On 15 June at 10.15 Helerin Margus will defend her doctoral thesis titled “Characterization of cell-penetrating peptide/nucleic acid nanocomplexes and their cell-entry mechanisms”.
Supervisors: TÜ MRI keemilise bioloogia professor Margus Pooga ja arengubioloogia teadur Kärt Padari.
Opponent: professor Ines Neundorf, Biokeemia Instituut, Keemia teaduskond, Kölni Ülikool, Saksamaa.
Lühikokkuvõte: Nucleic acids are highly promising candidates for the treatment of various diseases. In order to achieve biological functionality, nucleic acids need to be internalized by cells and reach their action site in cytoplasm or nucleus. However, due to the large size and negative charge, naked nucleic acids are not capable of traversing the plasma membrane of cells. A wide variety of delivery vectors have been designed to facilitate the cellular uptake of nucleic acids. One class of such vectors are cell-penetrating peptides (CPPs), short sequences of 5-40 amino acid residues, which are capable of gaining access to the interior of cells, and importantly, mediate the internalization of coupled cargo molecules.
The simplest way to couple CPPs to nucleic acids is to mix the peptide and cargo. The co-incubation of CPPs and nucleic acids leads to the formation of nanocomplexes due to electrostatic and hydrophobic interactions between the peptide and cargo. Co-incubation strategy has been shown to yield high bioactivities of cargos in numerous studies. However, this approach has not reached clinical trials yet. One reason behind this is the complicated physicochemical characterization of the forming nanocomplexes. However, in order to be considered for implementation in biomedicine the properties of CPP/nucleic acid complexes such as size, morphology and charge need to be characterized in detail. Another bottleneck which impedes the implementation of non-covalent strategy for nucleic acid delivery is the poor knowledge of the cellular uptake mechanisms and intracellular trafficking of CPP/nucleic acid nanocomplexes. However, detailed characterization of the cell internalization pathways and cellular trafficking of CPP/cargo complexes are essential for avoiding undesired side effects and refining their properties in order to yield higher activities of delivered cargo.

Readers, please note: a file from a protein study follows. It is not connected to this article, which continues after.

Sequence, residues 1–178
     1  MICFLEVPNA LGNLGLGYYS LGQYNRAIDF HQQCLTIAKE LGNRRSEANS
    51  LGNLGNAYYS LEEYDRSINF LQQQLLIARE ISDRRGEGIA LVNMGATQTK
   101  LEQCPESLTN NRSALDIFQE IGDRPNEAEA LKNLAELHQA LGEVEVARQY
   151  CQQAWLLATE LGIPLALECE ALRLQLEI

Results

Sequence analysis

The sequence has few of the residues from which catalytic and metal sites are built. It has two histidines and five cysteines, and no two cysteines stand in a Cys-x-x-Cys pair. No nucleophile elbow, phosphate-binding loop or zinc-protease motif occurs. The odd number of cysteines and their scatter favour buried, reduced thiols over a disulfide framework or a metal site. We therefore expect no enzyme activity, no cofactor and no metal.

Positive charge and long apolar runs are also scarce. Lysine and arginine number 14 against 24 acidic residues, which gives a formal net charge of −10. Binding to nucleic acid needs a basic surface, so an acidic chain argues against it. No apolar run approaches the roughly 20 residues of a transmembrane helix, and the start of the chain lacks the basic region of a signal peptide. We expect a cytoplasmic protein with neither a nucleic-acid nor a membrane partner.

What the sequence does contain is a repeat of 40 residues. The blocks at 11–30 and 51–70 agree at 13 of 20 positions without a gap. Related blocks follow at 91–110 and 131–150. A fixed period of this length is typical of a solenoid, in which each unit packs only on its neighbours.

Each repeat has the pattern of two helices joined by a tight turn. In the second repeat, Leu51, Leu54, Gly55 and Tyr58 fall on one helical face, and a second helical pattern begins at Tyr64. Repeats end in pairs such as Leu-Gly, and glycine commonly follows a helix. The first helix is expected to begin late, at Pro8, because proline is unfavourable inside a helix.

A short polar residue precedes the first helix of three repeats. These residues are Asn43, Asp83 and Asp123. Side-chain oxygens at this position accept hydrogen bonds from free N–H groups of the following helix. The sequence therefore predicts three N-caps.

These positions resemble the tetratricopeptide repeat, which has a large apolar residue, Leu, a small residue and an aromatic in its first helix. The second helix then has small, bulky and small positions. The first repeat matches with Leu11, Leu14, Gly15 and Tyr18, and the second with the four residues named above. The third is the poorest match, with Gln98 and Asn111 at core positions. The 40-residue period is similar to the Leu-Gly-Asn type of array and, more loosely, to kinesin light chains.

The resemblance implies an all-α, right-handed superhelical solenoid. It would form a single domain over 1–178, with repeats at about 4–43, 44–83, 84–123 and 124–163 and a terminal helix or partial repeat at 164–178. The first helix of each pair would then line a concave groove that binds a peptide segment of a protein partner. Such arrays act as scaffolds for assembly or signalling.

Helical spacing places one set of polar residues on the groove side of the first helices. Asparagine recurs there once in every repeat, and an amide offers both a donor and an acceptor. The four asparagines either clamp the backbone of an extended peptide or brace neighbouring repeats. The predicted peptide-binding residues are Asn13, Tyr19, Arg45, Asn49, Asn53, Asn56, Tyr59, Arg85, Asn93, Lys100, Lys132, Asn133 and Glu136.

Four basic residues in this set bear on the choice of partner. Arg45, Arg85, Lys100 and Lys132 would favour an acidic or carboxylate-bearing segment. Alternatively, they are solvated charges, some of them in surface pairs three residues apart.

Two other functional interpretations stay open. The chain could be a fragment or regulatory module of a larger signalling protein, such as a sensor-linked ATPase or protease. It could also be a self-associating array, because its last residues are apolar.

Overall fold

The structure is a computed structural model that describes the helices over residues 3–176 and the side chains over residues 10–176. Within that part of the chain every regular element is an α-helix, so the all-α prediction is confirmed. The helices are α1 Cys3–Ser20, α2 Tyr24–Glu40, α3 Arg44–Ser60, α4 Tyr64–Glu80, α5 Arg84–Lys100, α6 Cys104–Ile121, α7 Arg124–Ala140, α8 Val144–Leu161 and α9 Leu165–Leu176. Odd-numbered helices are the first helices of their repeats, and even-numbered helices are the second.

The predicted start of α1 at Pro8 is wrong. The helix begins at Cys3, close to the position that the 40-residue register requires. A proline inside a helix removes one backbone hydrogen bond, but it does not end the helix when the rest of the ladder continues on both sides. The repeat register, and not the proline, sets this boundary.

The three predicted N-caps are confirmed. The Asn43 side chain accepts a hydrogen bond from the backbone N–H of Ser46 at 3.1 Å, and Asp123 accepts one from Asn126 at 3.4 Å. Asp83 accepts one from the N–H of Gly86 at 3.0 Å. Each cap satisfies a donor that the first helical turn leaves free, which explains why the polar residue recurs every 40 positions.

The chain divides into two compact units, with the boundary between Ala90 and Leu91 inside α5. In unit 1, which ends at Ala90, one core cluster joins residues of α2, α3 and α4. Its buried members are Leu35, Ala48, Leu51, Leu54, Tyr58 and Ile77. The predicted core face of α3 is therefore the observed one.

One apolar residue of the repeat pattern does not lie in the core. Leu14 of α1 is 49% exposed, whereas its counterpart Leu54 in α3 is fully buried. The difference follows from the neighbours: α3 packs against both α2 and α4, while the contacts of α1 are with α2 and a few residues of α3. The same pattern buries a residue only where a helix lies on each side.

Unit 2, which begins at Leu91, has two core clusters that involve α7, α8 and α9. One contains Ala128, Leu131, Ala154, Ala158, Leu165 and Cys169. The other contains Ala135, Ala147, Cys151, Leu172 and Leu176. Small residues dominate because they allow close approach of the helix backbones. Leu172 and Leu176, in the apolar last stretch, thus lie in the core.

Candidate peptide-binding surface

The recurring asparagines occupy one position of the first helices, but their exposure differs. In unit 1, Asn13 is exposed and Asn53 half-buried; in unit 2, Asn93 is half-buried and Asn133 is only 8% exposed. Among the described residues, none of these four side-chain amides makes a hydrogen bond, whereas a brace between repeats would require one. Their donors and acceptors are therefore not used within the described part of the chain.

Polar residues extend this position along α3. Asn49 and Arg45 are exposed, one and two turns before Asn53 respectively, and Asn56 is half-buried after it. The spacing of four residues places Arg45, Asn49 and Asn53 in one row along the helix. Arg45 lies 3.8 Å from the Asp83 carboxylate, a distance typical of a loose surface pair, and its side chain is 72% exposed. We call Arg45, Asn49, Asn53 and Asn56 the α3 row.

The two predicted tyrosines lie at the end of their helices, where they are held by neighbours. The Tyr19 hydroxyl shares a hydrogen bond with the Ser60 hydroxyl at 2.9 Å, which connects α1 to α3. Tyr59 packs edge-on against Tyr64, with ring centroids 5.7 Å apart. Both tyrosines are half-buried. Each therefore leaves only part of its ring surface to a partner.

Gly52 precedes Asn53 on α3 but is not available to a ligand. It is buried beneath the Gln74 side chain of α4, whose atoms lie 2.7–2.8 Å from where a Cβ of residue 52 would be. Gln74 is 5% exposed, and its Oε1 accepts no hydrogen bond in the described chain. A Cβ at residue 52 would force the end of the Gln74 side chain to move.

The main objectives of the current thesis were to characterize the physicochemical properties of CPP/nucleic acids nanocomplexes formed by PepFect and NickFect type carrier peptides, and to examine the cellular uptake mechanisms and intracellular trafficking of nanocomplexes and nucleic acids.